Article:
/ 31 May 2019

IUCN Marine Mammal Task Force includes SA

Common dolphins in Algoa Bay.
Common dolphins in Algoa Bay. (Photo: Lloyd Edwards)

In March 2019, the International Union for the Conservation of Nature’s (IUCN) Marine Mammal Protected Areas Task Force (the “Task Force”) completed the fifth Important Marine Mammal Area workshop in Salalah, Oman.

The week-long workshop hosted 38 marine mammal scientists and observers from 15 countries to map the important habitats for 130 species of marine mammals in the western Indian Ocean and Arabian seas, namely cetaceans (whales, dolphins and porpoises), pinnipeds, sirenians, otters and the polar bear — across the world oceans.

The delegates from South Africa were Dr Stephanie Plön (who heads the Ocean Health Unit at the Earth Stewardship Science Research Institute, Nelson Mandela University), Dr Vic Cockcroft (Nelson Mandela University) and Professor Ken Findlay (Cape Peninsula University of Technology, Cape Town).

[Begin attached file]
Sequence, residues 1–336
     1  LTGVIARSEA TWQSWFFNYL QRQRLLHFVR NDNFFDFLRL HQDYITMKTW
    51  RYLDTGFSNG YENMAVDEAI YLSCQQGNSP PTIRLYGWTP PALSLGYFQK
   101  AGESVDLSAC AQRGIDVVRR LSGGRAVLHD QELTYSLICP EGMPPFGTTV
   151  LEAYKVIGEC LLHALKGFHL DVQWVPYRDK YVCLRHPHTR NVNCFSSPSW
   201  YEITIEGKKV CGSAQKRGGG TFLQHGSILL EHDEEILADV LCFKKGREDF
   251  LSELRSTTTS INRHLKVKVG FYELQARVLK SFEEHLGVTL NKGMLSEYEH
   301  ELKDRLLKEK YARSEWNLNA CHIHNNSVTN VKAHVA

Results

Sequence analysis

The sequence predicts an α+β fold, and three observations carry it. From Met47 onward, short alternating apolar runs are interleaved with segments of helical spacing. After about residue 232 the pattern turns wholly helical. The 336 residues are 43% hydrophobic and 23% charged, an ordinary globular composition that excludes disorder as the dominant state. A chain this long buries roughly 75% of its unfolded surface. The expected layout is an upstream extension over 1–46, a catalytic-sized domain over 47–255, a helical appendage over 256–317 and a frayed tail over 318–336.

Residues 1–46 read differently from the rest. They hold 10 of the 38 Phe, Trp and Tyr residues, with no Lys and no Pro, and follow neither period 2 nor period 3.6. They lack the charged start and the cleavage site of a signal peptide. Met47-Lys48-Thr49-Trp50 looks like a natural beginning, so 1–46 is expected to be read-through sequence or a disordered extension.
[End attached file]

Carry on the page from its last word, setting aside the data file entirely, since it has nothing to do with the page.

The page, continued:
“A record 55 candidate important marine mammal areas, or IMMAs, were identified,” said Plön. This includes five for South African waters, which encompass all of South African coastal and shelf waters, including:

  • The inshore waters along the southern Cape coast — False Bay to Algoa Bay — where southern right whales come to mate and give birth between June and November every year;
  • East coast waters within 15km from shore that are known for migrating humpback whales. They migrate from their feeding grounds in the Antarctica to the Indian Ocean/Mozambique/Madagascar to give birth between June and November each year, and back to the Antarctic from about September/October to November;
  • Southern coast inshore and shelf waters where the inshore Bryde’s whale is found. It was declared as “vulnerable” in the last South African Red List assessment;
  • The south coast inshore Indian Ocean humpback dolphin habitat where South Africa’s only “endangered” marine mammal is found; and
  • The southeast coast seasonal sardine run area, where marine apex predators, such as common dolphins, Indo-Pacific bottlenose dolphins, Bryde’s whales, Cape fur seals and killer whales can be seen following the annual migration in May/June every year.